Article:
Trend Report: Kitchen & Bath

Designers offer the following thoughts on enhancing our utilitarian spaces




1 - “Long ago, kitchen designers followed the rules of the triangle pattern. We’ve seen a shift in how consumers use their kitchens, so that way of thinking is no longer current. We now design utilizing zones: the cleanup zone, prep zone, coffee and juice-bar zone, and cooking zone. This is much more functional and up-to-date. It also enables more than one cook to work comfortably in the kitchen and allows for most everything to be at your fingertips.” — Jodi Caden, Caden Design Group, Birmingham

2 - “We’re being asked for recycled, green, and earth-friendly products, such as bamboo doors, natural-wood interiors, and stone or quartz tops.” — Jodi Caden, Caden Design Group, Birmingham

3 - “We’ve just completed five ‘urban’ kitchens in the new Greenleaf project [at Maple and Woodward in Birmingham] and are finding a trend for smaller but superbly appointed kitchens are receiving wide praise.” — Mark Johnson, Mark Johnson & Associates, Pleasant Ridge

4 - “Lighting has changed drastically to the LED strips for under counter. They never need changing and last forever.” — Janice Morse, Designs Unlimited, Birmingham

5 - “Kitchens continue to be an integral part of the whole-house design, where family and friends gather. Our clients often express that the kitchen is one of the most important spaces, and they’re investing in high-end custom cabinetry and professional appliances. Function and beauty are carefully balanced with artistically designed range hoods, open-cabinetry shelves, and large beautiful windows beside traditional upper cabinets.” — John and Donna VanBrouck, VanBrouck & Associates, Brighton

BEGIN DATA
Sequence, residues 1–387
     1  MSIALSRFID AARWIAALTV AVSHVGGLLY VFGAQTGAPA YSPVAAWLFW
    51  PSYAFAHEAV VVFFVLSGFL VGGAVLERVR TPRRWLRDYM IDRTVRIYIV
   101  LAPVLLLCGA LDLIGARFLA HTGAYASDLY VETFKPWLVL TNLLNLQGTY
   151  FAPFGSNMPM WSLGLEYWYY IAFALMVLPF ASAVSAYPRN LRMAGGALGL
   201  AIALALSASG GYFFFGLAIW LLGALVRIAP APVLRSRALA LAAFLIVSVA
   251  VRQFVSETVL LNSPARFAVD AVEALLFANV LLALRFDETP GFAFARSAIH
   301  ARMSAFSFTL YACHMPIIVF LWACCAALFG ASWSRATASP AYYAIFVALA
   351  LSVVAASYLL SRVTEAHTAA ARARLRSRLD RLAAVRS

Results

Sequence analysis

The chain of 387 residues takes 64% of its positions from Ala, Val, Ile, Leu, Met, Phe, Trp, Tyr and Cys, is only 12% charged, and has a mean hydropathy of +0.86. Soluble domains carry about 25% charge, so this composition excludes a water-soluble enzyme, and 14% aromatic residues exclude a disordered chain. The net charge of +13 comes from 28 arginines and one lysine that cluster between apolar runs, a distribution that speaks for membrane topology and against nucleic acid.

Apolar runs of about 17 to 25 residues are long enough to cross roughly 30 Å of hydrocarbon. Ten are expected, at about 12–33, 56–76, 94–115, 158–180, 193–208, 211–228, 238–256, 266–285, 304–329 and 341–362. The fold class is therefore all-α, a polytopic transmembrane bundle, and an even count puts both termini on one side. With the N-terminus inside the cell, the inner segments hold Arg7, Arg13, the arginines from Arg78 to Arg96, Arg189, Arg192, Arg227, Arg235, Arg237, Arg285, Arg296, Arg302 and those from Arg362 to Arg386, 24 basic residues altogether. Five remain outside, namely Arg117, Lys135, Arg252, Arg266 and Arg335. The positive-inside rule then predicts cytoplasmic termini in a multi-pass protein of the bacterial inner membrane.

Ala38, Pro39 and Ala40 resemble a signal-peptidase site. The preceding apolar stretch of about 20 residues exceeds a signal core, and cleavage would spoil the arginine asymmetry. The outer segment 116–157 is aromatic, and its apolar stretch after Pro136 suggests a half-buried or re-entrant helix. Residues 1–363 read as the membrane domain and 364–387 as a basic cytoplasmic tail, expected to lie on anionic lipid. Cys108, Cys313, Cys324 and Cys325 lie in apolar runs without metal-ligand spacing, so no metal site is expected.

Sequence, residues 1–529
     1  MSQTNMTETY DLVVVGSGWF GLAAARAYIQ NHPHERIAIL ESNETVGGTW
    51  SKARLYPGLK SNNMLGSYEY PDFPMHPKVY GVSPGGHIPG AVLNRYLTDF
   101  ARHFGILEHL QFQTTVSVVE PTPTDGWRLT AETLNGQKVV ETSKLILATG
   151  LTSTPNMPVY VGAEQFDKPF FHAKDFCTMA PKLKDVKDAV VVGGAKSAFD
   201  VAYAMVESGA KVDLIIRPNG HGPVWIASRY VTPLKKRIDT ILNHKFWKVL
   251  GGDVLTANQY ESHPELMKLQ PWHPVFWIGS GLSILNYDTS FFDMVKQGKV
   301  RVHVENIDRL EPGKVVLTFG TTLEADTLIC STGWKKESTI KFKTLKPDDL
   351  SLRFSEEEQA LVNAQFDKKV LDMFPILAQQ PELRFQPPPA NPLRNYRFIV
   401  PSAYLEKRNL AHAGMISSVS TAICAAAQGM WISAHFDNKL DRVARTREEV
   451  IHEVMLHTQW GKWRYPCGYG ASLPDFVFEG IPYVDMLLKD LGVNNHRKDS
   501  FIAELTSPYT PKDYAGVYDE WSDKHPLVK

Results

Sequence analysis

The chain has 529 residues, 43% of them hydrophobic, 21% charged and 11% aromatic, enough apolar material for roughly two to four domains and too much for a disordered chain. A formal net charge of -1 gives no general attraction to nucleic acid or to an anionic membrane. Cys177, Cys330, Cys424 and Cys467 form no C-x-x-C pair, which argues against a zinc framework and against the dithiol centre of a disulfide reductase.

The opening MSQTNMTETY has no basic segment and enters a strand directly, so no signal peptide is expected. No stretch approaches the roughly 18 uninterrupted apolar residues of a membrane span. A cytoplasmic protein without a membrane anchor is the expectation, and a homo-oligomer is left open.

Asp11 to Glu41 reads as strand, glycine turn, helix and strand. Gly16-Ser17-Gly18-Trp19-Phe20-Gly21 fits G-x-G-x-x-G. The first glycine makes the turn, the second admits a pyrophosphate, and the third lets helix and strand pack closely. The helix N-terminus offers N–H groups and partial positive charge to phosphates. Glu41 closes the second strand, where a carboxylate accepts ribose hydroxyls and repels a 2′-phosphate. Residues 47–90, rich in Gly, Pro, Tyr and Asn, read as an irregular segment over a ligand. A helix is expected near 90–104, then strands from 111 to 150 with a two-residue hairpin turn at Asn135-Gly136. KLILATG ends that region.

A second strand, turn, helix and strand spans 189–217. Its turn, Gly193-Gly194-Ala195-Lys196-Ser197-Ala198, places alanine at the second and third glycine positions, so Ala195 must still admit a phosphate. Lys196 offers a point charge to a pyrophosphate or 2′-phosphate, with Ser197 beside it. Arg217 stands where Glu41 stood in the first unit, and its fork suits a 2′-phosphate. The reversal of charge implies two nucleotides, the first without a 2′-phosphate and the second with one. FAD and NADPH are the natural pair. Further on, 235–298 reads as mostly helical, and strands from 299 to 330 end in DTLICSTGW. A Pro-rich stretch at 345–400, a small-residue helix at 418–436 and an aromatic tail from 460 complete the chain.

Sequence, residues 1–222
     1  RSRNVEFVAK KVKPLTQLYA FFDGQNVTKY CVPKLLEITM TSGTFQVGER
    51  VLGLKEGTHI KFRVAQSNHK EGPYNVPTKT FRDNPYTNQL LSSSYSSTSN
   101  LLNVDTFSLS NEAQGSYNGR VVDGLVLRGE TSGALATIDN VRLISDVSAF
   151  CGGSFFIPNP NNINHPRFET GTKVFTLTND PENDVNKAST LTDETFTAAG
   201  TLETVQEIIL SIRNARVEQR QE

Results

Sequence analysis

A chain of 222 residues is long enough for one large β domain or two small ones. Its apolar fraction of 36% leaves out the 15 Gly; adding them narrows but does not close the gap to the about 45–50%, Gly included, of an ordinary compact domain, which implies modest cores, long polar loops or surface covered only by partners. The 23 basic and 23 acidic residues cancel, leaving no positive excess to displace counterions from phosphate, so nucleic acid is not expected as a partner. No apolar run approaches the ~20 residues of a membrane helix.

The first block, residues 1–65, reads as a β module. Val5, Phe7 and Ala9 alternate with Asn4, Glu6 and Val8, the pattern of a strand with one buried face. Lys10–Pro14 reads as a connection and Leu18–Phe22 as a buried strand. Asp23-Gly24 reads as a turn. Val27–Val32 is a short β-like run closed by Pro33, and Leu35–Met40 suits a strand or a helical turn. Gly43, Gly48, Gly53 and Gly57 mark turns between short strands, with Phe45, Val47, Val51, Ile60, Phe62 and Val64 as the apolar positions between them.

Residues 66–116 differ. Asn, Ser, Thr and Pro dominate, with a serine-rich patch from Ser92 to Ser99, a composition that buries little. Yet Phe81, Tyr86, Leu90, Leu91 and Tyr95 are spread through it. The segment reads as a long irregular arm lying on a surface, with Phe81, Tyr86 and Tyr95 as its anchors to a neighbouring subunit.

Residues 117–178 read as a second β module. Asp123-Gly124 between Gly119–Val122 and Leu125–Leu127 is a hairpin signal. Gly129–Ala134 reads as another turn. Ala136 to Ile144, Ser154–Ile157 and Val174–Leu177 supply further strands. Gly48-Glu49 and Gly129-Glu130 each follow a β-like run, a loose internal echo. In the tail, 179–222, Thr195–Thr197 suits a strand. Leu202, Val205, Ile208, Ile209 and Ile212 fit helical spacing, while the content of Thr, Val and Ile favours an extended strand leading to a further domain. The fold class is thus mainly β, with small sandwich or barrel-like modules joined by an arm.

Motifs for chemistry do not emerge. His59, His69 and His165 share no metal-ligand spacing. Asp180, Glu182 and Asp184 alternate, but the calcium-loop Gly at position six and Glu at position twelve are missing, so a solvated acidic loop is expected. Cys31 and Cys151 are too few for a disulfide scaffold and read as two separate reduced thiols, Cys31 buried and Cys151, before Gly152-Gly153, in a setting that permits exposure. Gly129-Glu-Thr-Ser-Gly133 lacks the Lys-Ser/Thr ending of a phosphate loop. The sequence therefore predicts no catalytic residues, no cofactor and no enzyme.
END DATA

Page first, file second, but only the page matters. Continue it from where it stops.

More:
6 - “Curb-less showers with linear drains are used to create a clean look and to increase accessibility and safety for aging in place. Safety is always a priority; manufacturers are designing beautiful grab bars that are no longer institutional looking. We may not install them initially, but build blocker boards into the substrate and notate it in the plan for the grab bars to be installed in the future.” — Tanya Woods, Xstyles bath+more, Bloomfield Hills

7 - “Insist on multiple light sources: traditional down-lights for utility, under-cabinet LEDs for task lighting, a recessed ceiling cove for that cocktail-party mood (especially important in open-plan kitchens), and always beautiful pendants over the island to dress up all the utility.” — Mark Johnson, Mark Johnson & Associates, Pleasant Ridge

8 - “As we make our homes smaller and more efficient, counter seating, more than ever, is a must: best for a quick breakfast, homework on the laptop during dinner prep, or for an intimate dinner for the empty nesters who don’t want to eat on a big dining table or a TV tray.” — Mark Johnson, Mark Johnson & Associates, Pleasant Ridge

9 - “There’s a shift away from traditional to cleaner, more transitional lines with an emphasis on functionality and lifestyle, as seen in hidden and compartmentalized appliances and workstations instead of the traditional work triangle.” — Marianne Jones Hauswirth, Marianne Jones, at Michigan Design Center, Troy

10 - “We’re still doing as many open (to living spaces) kitchens as ever, but are adding enormous rolling doors to allow for a bit of separation when it’s time for cleanup or when catered events require staff to cross paths with guests.”— Mark Johnson, Mark Johnson & Associates, Pleasant Ridge

11 - “Steam ovens, magnetic-induction cooktops, and microwave drawers are the must-see appliances before starting a kitchen project.” — Liz Firebaugh, Signature Kitchens, Petoskey